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Hamlin fumes over $25,000 fine for Gen 6 remarks

Sprint Cup driver Denny Hamlin says he's "the most upset and angry I've been" after being fined $25,000 by NASCAR for comments he made in Phoenix.
Joe Gibbs Racing driver Denny Hamlin was furious on Thursday after being handed a $25,000 fine for comments he made that were deemed to be critical of the new NASCAR Sprint Cup Series Generation 6 model stock car.

"This is the most upset and angry I've been in a long, long time about anything that relates to NASCAR," said a visibly fuming Hamlin on Thursday at Las Vegas Motor Speedway, saying that people were always going to have strong opinions and should be allowed to voice them.

"A lot of people hold their tongue, and some people don't, like Brad," he said, referring to candid comments Brad Keselowski has recently made to USA Today which had earned the reigning cup champion an invitation to the NASCAR hauler for a chat, but no fine. "But the truth is what the truth is, and I don't believe in this. Never going to believe in it.

“It's an opinion. It's not even a bad one,” Hamlin added. “I don't want to make things worse than they already are, and this is something that was absolutely nothing that got blown into something, and it's just going to be worse for them, so just let them deal with it."

But he ended on a defiant note: "As far as I'm concerned, I'm not going to pay the fine," he stated. "If they suspend me, they suspend me. I don't care at this point."

NASCAR levied the fine citing a violation of section 12-1 of the 2013 NASCAR Rule Book relating to actions detrimental to stock car racing. Under NASCAR rules, Hamlin can appeal the fine, but if he refuses to pay then NASCAR can simply deduct it from any prize money he is paid from upcoming races.

“Following the NASCAR Sprint Cup Series event last Sunday at Phoenix International Raceway, Denny Hamlin made some disparaging remarks about the on-track racing that had taken place that afternoon," said NASCAR in the official statement announcing the fine. "While NASCAR gives its competitors ample leeway in voicing their opinions when it comes to a wide range of aspects about the sport, the sanctioning body will not tolerate publicly made comments by its drivers that denigrate the racing product."

After finishing in third place last Sunday, Hamlin credited his JGR pit crew for the positions he'd made up during the race, explaining that there was little he could do about overtaking on track.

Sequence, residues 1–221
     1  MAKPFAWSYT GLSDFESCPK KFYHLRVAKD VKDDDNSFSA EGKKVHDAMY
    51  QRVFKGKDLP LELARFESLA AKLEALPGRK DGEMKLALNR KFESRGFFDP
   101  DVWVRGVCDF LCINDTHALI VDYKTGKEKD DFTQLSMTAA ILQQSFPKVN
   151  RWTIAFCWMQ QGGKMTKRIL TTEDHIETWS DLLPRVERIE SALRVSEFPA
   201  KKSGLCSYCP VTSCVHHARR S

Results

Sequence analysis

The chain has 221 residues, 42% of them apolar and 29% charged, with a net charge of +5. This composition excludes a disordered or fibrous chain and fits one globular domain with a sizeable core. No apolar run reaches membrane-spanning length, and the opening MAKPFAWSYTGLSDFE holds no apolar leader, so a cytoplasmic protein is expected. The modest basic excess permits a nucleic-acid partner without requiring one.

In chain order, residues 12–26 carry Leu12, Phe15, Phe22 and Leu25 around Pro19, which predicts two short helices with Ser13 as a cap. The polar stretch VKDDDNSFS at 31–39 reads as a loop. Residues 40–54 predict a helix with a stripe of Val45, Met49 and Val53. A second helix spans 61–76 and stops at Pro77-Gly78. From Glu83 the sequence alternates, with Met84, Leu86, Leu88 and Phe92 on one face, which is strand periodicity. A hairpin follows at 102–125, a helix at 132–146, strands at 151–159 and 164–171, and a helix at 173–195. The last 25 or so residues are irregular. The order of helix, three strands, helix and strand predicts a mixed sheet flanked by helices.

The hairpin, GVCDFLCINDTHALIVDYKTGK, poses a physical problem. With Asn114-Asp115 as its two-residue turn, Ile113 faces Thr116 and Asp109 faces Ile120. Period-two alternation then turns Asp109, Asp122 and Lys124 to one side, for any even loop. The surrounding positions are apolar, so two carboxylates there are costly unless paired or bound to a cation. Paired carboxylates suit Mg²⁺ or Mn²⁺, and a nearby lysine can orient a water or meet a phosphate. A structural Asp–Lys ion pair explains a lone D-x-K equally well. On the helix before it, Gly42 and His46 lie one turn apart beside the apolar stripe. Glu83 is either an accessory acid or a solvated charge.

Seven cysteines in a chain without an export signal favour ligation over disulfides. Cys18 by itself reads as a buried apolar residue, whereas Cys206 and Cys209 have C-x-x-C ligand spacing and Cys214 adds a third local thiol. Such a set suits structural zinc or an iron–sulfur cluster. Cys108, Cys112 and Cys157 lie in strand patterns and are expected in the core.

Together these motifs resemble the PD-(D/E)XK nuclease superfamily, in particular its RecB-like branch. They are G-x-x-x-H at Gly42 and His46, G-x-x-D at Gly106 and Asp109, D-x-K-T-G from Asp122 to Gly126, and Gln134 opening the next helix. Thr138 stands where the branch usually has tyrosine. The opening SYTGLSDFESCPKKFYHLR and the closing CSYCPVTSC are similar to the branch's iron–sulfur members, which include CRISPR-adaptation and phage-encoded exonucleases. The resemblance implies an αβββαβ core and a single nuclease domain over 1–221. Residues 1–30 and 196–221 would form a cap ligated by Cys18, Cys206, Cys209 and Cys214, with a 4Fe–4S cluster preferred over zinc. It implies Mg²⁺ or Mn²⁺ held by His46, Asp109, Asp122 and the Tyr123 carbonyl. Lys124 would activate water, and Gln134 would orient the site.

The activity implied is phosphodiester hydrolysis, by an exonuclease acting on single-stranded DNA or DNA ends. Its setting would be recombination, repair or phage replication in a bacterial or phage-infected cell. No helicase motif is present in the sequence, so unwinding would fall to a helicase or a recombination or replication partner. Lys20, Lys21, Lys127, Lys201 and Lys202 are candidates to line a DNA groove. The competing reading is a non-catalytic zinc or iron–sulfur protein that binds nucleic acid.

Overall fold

"I don't want to be the pessimist, but it did not race as good as our Generation 5 cars," he said after the race, referring to the much-disliked Car of Tomorrow models. "This is more like what the Generation 5 was at the beginning."




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Robin Pemberton, NASCAR Vice President of Competition, speaks with the media during NASCAR Sprint Cup Series testing at Las Vegas Motor Speedway on March 7, 2013 in Las Vegas, Nevada.  (Photo Credit: Chris Graythen/NASCAR via Getty Images)
Denny Hamlin, driver of the #11 FedEx Office Toyota stands in the garage area during NASCAR Sprint Cup Series testing at Las Vegas Motor Speedway on March 7, 2013 in Las Vegas, Nevada. (Photo Credit: Chris Graythen/NASCAR via Getty Images)
Denny Hamlin, driver of the #11 Sport Clips Toyota, leads Matt Kenseth, driver of the #20 DeWalt Toyota, during the NASCAR Sprint Cup Series Auto Club 400 at Auto Club Speedway on March 22, 2015 in Fontana, California. (Photo Credit: Doug Pensinger/NASCAR via Getty Images)
Brian Vickers, driver of the #55 Aaron`s Dream Machine Toyota, stands on the grid during qualifying for the NASCAR Sprint Cup Series CampingWorld.com 500 at Phoenix International Raceway on March 13, 2015 in Avondale, Arizona.  (Photo Credit: Jeff Zelevansky/Getty Images)
Kevin Harvick, driver of the #4 Jimmy John’s/Budweiser Chevrolet SS celebrates his victory Sunday, March 15, 2015 in the NASCAR Sprint Cup race at Phoenix International Speedway in Phoenix, Arizona. This is Harvick`s fourth straight win at Phoenix. (Photo by Gregg Ellman/HHP for Chevy Racing)